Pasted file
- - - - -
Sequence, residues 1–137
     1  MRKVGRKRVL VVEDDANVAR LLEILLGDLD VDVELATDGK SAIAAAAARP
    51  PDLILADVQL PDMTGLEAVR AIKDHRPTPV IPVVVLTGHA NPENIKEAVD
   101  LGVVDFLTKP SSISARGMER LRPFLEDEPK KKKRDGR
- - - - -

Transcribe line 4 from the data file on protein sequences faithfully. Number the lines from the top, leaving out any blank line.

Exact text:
   101  LGVVDFLTKP SSISARGMER LRPFLEDEPK KKKRDGR